and how those perceptions are swaying business strategies in an increasingly globalized
environment. The 2013 key findings were: Because of the challenging local economies, the pace
of innovation has slowed and business leaders are increasingly conflicted between an appetite for
globalization and protectionist tendencies; the biggest drivers of collaboration are the chance to
enter new markets and access to new technology; global business performance is ever more
reliant upon business model innovation; corporate policy environments in terms of innovation is
declining globally; and global business leaders seeking to strengthen innovation are more and
more focused on workforce preparation and talent mobility. (Harary & Pulizzi, 2013, p. 4).
Southwest Airlines has experienced the situations described in the GE publication, yet continues
to succeed by demonstrating leadership and global innovation. Next we examine the leadership
discovery skills at Southwest Airlines.

ASSESSMENT3-1 APPLYING THE INNOVATOR'S DNA

Leadership Discovery Skills at Southwest Airlines


There have been countless books and articles written about Southwest Airlines over the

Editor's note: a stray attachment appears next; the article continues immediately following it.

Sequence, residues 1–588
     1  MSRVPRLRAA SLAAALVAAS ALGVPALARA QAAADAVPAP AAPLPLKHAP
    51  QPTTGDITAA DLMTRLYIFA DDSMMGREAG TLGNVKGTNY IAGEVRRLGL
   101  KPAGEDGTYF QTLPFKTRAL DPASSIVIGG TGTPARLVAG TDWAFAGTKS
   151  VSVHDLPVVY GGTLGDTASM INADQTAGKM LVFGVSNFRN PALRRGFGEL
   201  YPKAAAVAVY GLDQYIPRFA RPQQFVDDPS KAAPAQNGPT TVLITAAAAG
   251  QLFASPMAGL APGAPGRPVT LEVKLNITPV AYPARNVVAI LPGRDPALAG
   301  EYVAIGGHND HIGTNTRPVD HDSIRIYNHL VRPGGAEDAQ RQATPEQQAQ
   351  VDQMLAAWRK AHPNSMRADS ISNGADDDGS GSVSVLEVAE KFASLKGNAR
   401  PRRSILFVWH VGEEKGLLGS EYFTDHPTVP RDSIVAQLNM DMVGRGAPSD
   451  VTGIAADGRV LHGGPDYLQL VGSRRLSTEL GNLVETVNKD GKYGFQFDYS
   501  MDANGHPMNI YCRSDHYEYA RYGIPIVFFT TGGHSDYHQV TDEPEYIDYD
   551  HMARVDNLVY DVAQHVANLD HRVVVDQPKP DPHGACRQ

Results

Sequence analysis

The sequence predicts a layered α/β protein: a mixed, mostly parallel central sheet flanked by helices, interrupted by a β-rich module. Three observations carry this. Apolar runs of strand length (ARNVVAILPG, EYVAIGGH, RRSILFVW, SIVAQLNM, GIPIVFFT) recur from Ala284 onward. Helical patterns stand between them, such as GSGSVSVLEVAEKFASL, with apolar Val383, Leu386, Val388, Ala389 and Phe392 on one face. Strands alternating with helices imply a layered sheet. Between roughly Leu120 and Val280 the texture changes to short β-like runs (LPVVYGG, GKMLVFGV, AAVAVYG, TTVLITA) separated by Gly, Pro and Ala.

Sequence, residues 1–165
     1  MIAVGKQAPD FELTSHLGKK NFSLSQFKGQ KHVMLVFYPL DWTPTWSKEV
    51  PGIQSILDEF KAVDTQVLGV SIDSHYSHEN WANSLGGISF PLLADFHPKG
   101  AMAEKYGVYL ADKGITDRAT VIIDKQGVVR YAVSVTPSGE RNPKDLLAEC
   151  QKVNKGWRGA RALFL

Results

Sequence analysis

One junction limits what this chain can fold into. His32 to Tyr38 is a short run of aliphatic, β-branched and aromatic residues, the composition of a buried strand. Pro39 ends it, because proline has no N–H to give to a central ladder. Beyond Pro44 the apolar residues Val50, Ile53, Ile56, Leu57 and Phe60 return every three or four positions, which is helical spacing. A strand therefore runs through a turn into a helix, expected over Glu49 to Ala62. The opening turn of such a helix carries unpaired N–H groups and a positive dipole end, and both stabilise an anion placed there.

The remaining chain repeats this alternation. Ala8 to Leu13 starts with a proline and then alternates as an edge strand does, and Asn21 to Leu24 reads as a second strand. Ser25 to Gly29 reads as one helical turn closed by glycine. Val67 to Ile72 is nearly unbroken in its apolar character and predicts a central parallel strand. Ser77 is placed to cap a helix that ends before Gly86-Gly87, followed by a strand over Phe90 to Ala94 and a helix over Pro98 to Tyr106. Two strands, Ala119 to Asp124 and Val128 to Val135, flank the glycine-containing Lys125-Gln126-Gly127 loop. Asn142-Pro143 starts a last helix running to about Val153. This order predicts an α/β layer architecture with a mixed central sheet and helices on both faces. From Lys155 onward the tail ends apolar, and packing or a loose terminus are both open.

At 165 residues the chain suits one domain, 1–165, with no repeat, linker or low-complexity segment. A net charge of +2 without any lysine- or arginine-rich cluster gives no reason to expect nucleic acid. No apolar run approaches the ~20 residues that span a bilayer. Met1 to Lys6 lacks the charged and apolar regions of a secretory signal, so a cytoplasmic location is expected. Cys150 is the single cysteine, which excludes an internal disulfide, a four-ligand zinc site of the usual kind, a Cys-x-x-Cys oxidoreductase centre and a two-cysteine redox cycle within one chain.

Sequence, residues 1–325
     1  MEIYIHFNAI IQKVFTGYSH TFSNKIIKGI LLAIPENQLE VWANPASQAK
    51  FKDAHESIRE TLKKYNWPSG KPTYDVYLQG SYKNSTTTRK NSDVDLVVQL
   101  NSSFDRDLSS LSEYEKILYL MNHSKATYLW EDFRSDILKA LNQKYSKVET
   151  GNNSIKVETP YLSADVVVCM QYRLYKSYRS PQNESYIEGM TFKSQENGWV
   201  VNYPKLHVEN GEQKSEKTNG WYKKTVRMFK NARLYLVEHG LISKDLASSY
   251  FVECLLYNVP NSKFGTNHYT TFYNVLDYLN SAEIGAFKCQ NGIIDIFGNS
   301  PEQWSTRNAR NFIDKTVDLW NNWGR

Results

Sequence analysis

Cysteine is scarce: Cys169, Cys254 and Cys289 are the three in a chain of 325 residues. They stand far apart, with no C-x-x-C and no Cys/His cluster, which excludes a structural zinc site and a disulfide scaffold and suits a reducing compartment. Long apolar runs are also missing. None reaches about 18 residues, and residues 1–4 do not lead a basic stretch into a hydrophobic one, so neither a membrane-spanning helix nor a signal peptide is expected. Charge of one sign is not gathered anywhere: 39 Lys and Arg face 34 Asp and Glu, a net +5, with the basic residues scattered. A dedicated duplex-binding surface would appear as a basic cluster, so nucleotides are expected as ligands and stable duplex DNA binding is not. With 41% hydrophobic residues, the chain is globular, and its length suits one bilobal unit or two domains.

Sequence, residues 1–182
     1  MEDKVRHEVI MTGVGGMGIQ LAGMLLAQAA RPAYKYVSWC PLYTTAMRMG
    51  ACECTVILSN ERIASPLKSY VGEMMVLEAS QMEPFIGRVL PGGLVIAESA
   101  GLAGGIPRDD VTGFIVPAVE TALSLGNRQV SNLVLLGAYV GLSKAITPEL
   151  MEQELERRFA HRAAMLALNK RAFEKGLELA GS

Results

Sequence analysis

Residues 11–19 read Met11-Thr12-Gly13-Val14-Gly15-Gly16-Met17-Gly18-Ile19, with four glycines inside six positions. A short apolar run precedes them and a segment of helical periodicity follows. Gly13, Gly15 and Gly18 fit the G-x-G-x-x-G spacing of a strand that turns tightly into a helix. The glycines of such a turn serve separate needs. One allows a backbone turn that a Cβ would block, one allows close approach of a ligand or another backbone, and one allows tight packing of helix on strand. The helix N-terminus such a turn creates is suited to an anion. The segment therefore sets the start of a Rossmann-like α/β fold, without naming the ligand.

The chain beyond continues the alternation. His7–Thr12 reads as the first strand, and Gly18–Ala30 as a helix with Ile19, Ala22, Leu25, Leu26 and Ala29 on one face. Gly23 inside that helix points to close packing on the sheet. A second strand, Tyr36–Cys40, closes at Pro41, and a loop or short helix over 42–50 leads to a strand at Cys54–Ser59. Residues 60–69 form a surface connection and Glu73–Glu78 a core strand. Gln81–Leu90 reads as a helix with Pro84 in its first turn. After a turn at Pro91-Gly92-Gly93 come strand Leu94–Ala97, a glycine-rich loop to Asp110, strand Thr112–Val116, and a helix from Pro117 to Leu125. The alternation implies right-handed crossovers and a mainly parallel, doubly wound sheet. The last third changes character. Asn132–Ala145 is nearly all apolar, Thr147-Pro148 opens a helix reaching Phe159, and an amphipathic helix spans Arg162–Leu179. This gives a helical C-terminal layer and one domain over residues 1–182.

years. It is famously said that Herb Kelleher created his initial business plan on the back of a
cocktail napkin. He had a vision and to execute it, he perhaps unknowingly employed the five
leadership discovery skills that researchers have described as: associating, questioning,
observing, experimenting, and networking. (Dyer, Gregersen & Christensen, 2009, p. 60-67).
Associating
In the airline industry, Herb Kelleher associated things that had not previously been done.
His model was based upon: Limited passenger service; Short-haul point-to-point routes from
mid-sized cities and secondary airports; Frequent, reliable departures; Lean, highly productive
ground and gate crews; High aircraft utilization; and Very low ticket prices. These attributes were
counterintuitive for legacy carriers.
Questioning
Most airlines have asked the question, Why do people fly? The answer is typically that
they travel for business, to see family, vacation, or school. However, Kelleher asked the question,
Why cant airlines serve the price and convenience-sensitive travelers who would rather travel
by bus or car? In addition, he asked several more questions like: Why cant I pre-pay for fuel in